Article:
The USEA Area Championships are held every year in each of the 10 USEA Areas where the best horses and riders have the opportunity to be crowned the Area Champion at their level. Each Area maintains slightly different qualification requirements for their respective Championships, and that information can be found here.
The Maryland Horse Trials at Loch Moy Farm in Adamstown, Maryland hosted the Area II Championships at their event on October 9-11, 2020. To qualify for the Area II Championships, riders needed to secure first through fifth place at one event from October 4, 2019 to September 22, 2020. There were nine different championship divisions from Beginner Novice to Intermediate, including Modified.
In the Area II Junior Beginner Novice Championship, Claire Wheeler and Mary Alice Brown (Hilltop Bugatti x Velvet Brown), Judy McGaughan’s 7-year-old Oldenburg mare, took home the championship title on an impressive score of 19.8, the lowest winning score of the weekend.
“We are really proud of Mary Alice Brown as this only her sixth USEA [recognized] event ever!” Wheeler said. “We are so grateful to Judy McGaughan for leasing us this wonderful mare. The day was fun and so exciting when it started out with such an amazing dressage score. We are thankful the rain held off until show jumping, making cross-country the most fun of the day. She was forward and ready to go! We are also very grateful to Carolyn Mackintosh and the entire Loch Moy Farm team for putting on such a wonderful event!”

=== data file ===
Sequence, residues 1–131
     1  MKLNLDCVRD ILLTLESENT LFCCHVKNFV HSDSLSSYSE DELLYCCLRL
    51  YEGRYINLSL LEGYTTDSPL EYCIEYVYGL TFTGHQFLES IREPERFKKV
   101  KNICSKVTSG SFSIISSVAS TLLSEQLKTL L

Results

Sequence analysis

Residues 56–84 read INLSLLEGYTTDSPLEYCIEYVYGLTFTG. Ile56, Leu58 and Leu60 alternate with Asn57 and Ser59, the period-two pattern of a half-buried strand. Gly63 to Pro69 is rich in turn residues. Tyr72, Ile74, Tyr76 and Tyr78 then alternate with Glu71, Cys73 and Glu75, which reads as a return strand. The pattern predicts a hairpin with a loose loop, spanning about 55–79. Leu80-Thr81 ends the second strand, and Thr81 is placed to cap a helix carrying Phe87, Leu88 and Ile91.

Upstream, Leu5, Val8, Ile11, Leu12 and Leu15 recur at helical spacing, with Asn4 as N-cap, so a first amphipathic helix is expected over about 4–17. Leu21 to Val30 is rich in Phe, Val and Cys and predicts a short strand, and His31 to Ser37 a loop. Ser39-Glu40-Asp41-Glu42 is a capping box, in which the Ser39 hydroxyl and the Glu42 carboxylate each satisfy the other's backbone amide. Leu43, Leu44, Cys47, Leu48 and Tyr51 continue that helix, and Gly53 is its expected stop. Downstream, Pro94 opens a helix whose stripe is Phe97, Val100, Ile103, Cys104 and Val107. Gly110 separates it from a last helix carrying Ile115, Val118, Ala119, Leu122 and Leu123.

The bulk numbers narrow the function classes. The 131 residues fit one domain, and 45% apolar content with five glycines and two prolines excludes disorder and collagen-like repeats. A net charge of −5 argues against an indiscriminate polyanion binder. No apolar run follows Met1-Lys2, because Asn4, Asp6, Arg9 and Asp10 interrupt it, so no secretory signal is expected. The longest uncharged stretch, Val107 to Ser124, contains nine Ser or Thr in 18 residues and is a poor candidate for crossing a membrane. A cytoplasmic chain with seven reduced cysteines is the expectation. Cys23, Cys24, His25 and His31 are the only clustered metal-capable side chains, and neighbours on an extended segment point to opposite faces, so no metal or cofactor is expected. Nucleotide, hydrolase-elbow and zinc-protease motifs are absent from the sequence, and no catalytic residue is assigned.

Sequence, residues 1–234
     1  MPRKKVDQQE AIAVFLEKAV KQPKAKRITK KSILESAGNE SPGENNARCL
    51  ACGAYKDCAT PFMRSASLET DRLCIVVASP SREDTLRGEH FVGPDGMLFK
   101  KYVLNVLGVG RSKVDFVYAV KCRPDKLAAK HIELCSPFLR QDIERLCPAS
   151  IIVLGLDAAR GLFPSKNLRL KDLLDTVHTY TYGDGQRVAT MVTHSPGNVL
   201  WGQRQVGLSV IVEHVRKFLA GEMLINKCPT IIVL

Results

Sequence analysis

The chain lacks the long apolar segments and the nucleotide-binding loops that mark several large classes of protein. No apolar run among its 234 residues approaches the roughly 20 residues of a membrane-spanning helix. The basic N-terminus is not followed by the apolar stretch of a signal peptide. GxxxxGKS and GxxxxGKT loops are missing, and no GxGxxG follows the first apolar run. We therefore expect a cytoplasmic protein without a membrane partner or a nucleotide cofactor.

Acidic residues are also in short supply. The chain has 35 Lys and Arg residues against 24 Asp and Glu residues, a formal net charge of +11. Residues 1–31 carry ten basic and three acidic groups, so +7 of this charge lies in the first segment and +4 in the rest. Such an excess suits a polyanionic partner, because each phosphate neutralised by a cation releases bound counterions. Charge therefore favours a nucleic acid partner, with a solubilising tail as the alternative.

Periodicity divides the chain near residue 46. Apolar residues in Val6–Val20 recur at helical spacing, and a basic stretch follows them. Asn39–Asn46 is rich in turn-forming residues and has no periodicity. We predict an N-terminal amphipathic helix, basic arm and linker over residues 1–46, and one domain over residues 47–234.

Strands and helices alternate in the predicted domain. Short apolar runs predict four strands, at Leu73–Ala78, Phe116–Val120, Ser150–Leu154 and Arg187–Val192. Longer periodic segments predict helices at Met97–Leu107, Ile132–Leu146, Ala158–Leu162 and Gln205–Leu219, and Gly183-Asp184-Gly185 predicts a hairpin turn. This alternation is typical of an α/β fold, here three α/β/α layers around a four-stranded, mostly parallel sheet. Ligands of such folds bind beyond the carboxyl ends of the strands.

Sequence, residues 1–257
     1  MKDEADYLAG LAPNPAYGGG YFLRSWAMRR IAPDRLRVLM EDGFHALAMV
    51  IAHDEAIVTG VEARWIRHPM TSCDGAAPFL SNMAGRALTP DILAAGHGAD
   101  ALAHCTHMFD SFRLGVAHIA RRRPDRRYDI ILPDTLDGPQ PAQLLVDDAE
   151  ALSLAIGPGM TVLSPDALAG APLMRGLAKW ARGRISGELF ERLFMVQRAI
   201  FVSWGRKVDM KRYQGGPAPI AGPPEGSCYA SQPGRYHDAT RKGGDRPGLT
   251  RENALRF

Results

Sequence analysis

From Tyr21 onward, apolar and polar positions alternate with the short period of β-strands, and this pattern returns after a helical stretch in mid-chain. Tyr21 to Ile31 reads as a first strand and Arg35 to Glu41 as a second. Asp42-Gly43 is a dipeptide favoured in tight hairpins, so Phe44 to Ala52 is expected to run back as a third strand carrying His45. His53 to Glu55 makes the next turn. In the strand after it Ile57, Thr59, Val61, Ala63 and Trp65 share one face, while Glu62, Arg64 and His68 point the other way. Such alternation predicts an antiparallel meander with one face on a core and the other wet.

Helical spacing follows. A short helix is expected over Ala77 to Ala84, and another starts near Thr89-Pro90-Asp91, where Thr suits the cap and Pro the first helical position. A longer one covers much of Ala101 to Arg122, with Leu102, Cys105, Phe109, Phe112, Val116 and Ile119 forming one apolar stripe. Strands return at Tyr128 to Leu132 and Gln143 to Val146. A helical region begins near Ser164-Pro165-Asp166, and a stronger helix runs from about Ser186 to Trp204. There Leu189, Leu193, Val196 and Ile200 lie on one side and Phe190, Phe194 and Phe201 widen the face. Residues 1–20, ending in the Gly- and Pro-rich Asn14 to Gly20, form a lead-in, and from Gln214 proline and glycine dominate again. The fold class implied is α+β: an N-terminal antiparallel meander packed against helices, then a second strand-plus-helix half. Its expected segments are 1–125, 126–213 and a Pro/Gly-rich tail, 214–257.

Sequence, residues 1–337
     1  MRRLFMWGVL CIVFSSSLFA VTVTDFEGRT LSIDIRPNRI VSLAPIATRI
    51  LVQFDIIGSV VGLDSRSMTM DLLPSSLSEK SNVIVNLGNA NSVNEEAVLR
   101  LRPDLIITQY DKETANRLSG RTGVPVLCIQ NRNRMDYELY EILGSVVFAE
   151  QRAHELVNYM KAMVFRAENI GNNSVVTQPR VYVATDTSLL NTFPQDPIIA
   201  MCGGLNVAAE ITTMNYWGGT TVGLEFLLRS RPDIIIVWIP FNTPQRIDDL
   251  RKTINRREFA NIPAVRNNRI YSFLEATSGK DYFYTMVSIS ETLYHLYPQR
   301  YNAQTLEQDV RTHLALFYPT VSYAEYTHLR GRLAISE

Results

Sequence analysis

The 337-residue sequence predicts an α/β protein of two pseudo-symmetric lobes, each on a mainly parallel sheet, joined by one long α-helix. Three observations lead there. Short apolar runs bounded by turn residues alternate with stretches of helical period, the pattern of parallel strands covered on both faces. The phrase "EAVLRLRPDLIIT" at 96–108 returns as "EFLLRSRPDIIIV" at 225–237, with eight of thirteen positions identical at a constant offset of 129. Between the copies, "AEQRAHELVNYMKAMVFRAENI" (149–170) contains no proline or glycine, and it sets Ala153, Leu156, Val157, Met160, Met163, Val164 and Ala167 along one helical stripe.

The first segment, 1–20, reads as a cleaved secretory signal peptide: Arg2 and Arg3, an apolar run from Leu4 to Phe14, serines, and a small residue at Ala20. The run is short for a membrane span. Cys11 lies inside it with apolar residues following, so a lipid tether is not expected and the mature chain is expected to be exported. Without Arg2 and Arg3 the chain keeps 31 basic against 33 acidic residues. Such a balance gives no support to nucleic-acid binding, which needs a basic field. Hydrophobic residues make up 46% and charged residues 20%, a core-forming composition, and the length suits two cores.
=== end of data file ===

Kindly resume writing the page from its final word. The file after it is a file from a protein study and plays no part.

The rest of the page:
Eleven-year-old Leeci Rowsell and Dot Com, Cadence Clucas’ 25-year-old Welsh gelding, scored a 23.8, giving them second place in the Junior Beginner Novice Championship. Third place went to Madison Springle and Andante (Cezanne x Society Lynn), a 20-year-old Chincoteague Pony gelding, on a score of 27.3.
Beth Zielinski and BSF Ducati 696 (Desperados x Kallisto), her 6-year-old Swedish Warmblood gelding, won the Area II Open Beginner Novice Championship on their dressage score of 28.0. BSF Ducati is bred by Thora Pollack of Beall Spring Farm, who is also the breeder of the Area II Preliminary Champion Frame Shamrock and the Area II Open Training Champion Olympus, both piloted by Zielinski’s trainer Martin Douzant. Olympus is also Ducati’s half-brother on the dam side.
Zielinski bought Ducati two years ago as a 4-year-old. “We showed a bit last year, but this year our partnership finally solidified and we've clicked in the past couple of months and I felt really good coming into this show,” she said. “Ducati has a big personality and started the morning off showing that off. He was galloping around his field and wouldn't let me catch him, was pawing the entire time I was braiding him, and wouldn't load in the trailer. When I was warming up for dressage, he was being fussy at first and it was all making me nervous. But then he stepped into the ring and was 100 percent business and I knew he was on.”